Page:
Lead-free jewelry components

Dear Orchid Community-

I am looking for a resource to purchase lead-free brass parts from to
use in fashion jewelry. The guidelines we are trying to comply with
require that each component used in our jewelry items must have less
than 6/10ths of 1% of lead. This would include things like brass
lobster claws, spring rings, headpins, solder and even jumprings.
Unfortuneately the big suppliers of these types of parts in Asia
often supply parts that have inconsistent levels of lead, often very
high levels. I need a source I can depend on for an important
customer with very large distribution channels. And of course I need
this… yesterday.

Please advise a resource for brass findings which consistently meets
the new US standard (Feb 2005, childrens metal jewelry). This could
be excellent business for the manufacturer who can supply these types
of parts.

I appreciate any input you may have.

Carol Lipman
Lucas-Design International
2520 West 6th Street
Los Angeles, Ca 90057

resource to purchase lead-free brass parts from to use in fashion
jewelry. The guidelines we are trying to comply with require that
each component used in our jewelry items must have less than
6/10ths of 1% of lead. 

Is this for real or is it just a rampant case of corporate

For thousands of years millions of very intelligent people have
striven and experimented at great length to find the ideal
composition of metal alloys for every purpose. Now, just because some
faceless diplomat has generically said ‘lead is bad for you’ do we
really have to automatically try to exclude it from everything we may
possibly come into contact with? If its really so bad for us, why is
it that, over the last 100 years or so, when the bulk of the western
population (in cities at least) have been exposed to ever increasing
levels of atmospheric lead pollution from vehicle fumes and industry
and, for a good proportion of that time, have been drinking water
which has been supplied through lead pipes - the overall health of
these people has improved leading to longer lives and their
intelligence has also risen? Lead is specifically included in brass
alloys for one purpose only - to control the metal’s grain size and
make it more malleable. Without it, brass is only fit for rough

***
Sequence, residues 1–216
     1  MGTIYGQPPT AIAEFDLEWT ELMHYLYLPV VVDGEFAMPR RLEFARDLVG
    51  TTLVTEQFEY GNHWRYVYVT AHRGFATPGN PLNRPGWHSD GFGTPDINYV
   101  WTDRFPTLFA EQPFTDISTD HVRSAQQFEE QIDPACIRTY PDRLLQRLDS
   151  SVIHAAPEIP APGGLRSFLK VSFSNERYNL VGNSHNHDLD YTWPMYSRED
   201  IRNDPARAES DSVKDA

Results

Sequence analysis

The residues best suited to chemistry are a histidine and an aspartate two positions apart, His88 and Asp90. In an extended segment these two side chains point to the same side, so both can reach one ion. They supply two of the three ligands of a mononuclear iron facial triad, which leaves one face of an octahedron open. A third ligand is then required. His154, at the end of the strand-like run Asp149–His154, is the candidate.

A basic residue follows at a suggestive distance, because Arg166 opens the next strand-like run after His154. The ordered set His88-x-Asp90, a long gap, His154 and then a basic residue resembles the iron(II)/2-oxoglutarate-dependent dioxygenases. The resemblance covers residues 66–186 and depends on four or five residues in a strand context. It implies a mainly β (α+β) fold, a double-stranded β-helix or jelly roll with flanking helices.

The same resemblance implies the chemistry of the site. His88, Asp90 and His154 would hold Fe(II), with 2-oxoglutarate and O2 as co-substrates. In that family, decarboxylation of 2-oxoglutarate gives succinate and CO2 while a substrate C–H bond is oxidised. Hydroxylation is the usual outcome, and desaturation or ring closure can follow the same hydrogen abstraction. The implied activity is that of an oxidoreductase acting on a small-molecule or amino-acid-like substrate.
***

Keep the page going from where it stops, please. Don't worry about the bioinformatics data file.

castings and, in the presence of ammonia fumes, the solvents in some
cosmetics or cats pee, is quite likely to turn literally to dust.
This is a problem I encounter quite often in antique clocks which
were traditionally cleaned every few years in a soap and ammonia
solution - whole sections of the cast brass gear wheels simply
crumble away. Lead added to the brass binds the grains together and
allows the metal to flow whether it is being forged, turned or
engraved. Without it the tool chatters and skips over the surface or,
in the case of forged parts, the brass becomes brittle and easily
breaks. I came across a very similar problem a couple of years ago
when I went to order a new stock of free-cutting tool steel. I asked
for my normal type only to be told ‘Oh, you can’t have that - they’ve
stopped making it because it contained Selenium which is poisonous’.
Yes. I know it contained Selenium - that was what made it so
beautiful to work with but at a level of something like 1/5th of 1
percent I doubt that I would be struck down by the amount that
managed to penetrate the muck which usually covers my hands in the
workshop or by any fumes which happened to be able to penetrate the
fog of cutting oil fumes between me and the bit of 1/8in steel bar in
the chuck!! So, what alternative product was I offered? ‘The only
free cutting tool steel we’re allowed to supply now is this LEADED
steel’!!! Its about as free-cutting as a rusty old nail - absolute

I know someone is going to jump up and down and say ‘ah, but what
about the people who have to make the steel or brass’ etc. etc. Well
the manufacturers of these base products are in a position to protect
their workers and should do so - I know they don’t and that they just
stop making the stuff which is why almost all the world’s brass is
now made in India. The western manufacturers weren’t prepared to
tackle the problem of Zinc fumes and so world production was allowed
to migrate to India where the health of their young workers was not
considered of such importance. I suppose that when India decides to
improve its worker health standards production will move to some
other country down the chain… Its not as though leaving the tiny
bit of Selenium out of my steel did much for the world’s Selenium
production as tons of the stuff is still routinely used in
electronics etc. As you can tell though - even a couple of years on,
it had a deleterious effect on my mental well being. Sorry for the
long rant - had to get it out of my system - I’ll go and turn an
ivory knob for a brass latch I’ve just made out of CZ120!!

Best wishes,

Ian W. Wright